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Baseball bids benefit IRS

No more guessing over how much Matt Murphy owes the IRS. The bill is around $239,375.

Baseball_bat_3 Murphy is the baseball fan who came out of the grandstand scrum in San Francisco on Aug. 7 with Barry Bonds' record- breaking 756th home run ball. As soon as Murphy took possession of the orb, the debate began (at least it did among us tax geeks) as to his possible tax liability.

Was the ball a gift, as a couple of readers contemplated at my post about after Barry's blast? Or was the ball's presumptive value subject to tax even before a sale?

Murphy put an end to the parsing of the tax code this weekend when he put the ball up for auction and came away $752,467 richer.

Well, that much richer for a while. Now for the tax bite.

Taking the winning bid amount and running it through the estimated tax worksheet, using one exemption (I'm not sure of his marital status or if he has any dependents) and the standard deduction for a single filer, you come up with tax liability of almost $240,000.

Of course, Murphy probably has wage income to count, too. And his tax tax adviser -- I'm sure he has one -- might suggest he donate some of his home run ball windfall to a charity and then itemize to help knock down his tax bill a bit.

More MLB moolah: During the same auction at which the record-breaking home run ball was sold, Sotheby's/SCP also took bids on #755, the ball that tied the record. It was caught by Adam Hughes of La Jolla, Calif., a few days before the record breaker.

That baseball went for $186,750. Using the same estimated tax assumptions as in the Murphy case, that produces a tax bill of $44,808.

And remember, we're calculating federal tax liability only. Both Murphy, a New York resident, and Hughes, a Californian, have state income taxes to contend with, too.

500th milestone returned: While it wouldn't have been as lucrative as other baseball memorabilia, a fellow Austinite didn't hesitate to give back a notable home run ball he caught Sunday afternoon.

Jim_thome_poster_2 Will Stewart, an accountant from the Lone Star State's capital, ended up with White Sox slugger Jim Thome's 500th home run ball. Not only was it a milestone, it was a 9th inning walk-off homer. And, to top it off, it was Jim Thome Bobblehead Day at the ball park on the south side of Chicago.

Stewart was in the Windy City for for an accounting conference, but decided to take in a game before getting to work. While the Thome blast wouldn't have brought Bondsian bids, Stewart probably could have pocketed a decent amount if he'd hung onto it.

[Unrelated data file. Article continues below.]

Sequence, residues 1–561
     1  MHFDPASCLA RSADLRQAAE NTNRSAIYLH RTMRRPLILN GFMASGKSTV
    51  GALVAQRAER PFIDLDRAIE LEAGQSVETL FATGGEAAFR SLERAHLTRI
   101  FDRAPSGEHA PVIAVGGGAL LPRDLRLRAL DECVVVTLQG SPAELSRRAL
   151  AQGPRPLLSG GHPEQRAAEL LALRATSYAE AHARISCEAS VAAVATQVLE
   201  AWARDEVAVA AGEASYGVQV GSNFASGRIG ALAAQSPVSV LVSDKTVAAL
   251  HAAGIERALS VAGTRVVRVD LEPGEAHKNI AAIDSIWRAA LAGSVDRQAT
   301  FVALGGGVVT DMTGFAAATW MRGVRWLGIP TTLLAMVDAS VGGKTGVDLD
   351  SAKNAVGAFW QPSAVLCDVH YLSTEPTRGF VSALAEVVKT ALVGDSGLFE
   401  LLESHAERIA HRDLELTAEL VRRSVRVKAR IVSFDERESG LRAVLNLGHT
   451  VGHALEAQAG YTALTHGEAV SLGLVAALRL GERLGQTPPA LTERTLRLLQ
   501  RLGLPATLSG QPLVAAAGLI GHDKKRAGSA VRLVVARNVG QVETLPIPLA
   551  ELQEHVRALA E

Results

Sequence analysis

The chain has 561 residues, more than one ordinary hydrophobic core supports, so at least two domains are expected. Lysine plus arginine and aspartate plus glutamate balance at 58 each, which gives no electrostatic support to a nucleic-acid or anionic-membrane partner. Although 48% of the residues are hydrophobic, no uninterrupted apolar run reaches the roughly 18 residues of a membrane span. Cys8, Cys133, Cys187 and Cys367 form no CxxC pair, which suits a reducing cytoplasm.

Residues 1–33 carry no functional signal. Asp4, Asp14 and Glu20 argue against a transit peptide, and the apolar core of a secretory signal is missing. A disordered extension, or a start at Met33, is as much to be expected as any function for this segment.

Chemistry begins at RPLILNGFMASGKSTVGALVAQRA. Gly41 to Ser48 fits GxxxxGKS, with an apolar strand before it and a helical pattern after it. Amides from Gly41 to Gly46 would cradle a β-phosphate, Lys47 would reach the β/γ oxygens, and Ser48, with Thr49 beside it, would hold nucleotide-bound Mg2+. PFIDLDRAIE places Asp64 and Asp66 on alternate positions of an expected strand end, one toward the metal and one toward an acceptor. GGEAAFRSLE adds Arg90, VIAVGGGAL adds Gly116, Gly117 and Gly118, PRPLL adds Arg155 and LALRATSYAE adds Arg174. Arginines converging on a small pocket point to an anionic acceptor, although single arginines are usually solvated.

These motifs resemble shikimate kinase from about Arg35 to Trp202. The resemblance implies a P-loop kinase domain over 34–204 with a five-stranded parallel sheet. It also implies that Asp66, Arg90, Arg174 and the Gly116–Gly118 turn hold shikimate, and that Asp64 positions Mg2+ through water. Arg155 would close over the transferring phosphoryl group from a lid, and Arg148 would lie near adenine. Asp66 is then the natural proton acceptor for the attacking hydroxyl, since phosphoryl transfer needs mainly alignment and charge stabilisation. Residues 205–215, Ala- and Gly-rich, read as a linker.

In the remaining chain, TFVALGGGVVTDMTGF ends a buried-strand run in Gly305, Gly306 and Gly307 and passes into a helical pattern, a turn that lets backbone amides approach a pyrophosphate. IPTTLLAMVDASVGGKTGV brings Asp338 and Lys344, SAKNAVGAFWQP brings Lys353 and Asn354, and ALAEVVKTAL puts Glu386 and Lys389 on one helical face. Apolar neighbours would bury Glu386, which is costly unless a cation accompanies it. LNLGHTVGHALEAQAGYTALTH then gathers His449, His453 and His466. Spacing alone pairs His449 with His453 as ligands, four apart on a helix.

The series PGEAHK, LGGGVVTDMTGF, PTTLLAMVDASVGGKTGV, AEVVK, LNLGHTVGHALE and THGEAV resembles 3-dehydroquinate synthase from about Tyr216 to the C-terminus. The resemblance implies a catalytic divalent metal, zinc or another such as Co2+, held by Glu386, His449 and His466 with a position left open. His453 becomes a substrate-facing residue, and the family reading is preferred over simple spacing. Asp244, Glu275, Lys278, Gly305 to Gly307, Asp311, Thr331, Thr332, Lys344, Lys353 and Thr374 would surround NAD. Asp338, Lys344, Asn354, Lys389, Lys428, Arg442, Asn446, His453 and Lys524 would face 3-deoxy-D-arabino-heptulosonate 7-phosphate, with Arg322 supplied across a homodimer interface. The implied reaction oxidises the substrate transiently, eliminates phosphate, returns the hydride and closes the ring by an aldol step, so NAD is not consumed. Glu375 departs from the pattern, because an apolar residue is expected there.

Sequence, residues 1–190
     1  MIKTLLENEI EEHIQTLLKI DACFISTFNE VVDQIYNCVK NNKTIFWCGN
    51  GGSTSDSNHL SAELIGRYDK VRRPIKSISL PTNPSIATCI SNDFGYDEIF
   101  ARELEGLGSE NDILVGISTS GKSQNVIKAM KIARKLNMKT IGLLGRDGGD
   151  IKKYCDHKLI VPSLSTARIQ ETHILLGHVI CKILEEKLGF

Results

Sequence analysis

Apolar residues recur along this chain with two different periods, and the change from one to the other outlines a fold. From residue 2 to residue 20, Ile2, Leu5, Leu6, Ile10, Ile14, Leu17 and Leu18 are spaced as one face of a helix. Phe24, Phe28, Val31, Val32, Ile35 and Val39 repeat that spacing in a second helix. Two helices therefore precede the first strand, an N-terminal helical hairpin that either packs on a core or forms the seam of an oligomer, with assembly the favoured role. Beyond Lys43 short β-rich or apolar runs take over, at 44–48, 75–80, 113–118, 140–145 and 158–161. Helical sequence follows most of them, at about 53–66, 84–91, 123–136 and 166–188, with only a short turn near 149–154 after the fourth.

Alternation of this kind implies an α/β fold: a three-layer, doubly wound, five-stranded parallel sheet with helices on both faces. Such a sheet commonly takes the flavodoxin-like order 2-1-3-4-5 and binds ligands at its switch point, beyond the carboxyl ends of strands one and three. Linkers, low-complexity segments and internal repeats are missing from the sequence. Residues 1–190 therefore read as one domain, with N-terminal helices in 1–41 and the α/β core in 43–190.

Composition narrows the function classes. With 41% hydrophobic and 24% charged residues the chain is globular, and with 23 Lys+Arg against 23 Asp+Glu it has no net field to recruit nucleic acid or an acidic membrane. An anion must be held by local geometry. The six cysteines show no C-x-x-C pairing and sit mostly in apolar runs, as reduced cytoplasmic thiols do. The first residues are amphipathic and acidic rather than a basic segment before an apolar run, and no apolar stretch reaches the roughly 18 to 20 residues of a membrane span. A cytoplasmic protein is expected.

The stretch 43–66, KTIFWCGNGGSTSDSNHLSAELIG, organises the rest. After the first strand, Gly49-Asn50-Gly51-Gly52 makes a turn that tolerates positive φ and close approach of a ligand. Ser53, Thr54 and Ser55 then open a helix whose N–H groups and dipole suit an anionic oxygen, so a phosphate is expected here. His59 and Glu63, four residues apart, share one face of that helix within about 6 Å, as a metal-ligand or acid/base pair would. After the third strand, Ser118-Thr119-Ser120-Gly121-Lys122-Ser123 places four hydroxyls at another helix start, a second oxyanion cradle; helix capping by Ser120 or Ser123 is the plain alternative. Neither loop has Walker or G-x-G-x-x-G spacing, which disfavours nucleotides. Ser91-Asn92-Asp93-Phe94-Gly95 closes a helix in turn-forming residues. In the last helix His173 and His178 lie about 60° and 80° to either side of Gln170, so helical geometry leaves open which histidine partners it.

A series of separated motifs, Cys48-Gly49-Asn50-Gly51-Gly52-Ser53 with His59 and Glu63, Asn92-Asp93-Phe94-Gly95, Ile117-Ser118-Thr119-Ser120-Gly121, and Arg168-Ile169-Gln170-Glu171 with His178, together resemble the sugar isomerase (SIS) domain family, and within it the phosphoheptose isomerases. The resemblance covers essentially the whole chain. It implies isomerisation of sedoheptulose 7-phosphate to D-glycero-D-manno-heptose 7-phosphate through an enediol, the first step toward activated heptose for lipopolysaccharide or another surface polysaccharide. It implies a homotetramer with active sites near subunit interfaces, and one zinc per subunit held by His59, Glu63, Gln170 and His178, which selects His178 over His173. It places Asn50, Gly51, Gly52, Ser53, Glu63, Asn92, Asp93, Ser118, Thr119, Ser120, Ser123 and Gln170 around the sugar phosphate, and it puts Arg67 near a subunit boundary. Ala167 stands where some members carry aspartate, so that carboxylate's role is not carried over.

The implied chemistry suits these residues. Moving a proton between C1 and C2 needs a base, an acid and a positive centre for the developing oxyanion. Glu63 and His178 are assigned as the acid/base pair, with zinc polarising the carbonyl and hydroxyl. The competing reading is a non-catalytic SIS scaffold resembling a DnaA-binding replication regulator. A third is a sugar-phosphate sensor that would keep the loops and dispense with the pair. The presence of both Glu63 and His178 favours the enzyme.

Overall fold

But the Texan had no qualms about giving the ball back to Thome.

"I feel it is a part of Chicago baseball history," said Stewart.

Estimated reminder: Murphy and Hughes don't have to worry about making estimated tax payments on their money today. Since they got the income in September, it'll count toward the fourth 1040ES payment due Jan. 15, 2008.

But if you got income between June 1 and Aug. 31 for which no taxes were withheld, send in your 1040ES voucher #3 today.

Jim Thome and other sports posters available at


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You're right that there are safe harbor thresholds for ES payments, which I've discussed in previous blogging on the issue and in the story link in that estimated reminder section. The mention of the Jan. 15 date was (a) to point out the different "quarters" used in the 1040ES computation and (b) to note that on the date this item went up, some folks, such as me, did have to pay estimated taxes for whatever reason (and will need to do so again in January). In my case, it's because I work for myself, making 1040ES payments my de facto withholding.

Jeff Day

Why did you make a point of saying the estimates are due? I doubt if any estimates are due at all. As long as 100% of prior years liability (maybe 110%) has been paid in, then no estimates are due at all.

Mrs. Micah

Eesh. But he's still half a mil ahead before state taxes. If he puts the money in a Roth, say, $450k at an average of 10% interest for 15 years. That's $1.8 million. Even taking inflation into account, that's more than he had before taxes. May not satisfy him, but that's a better windfall than most of us will get.

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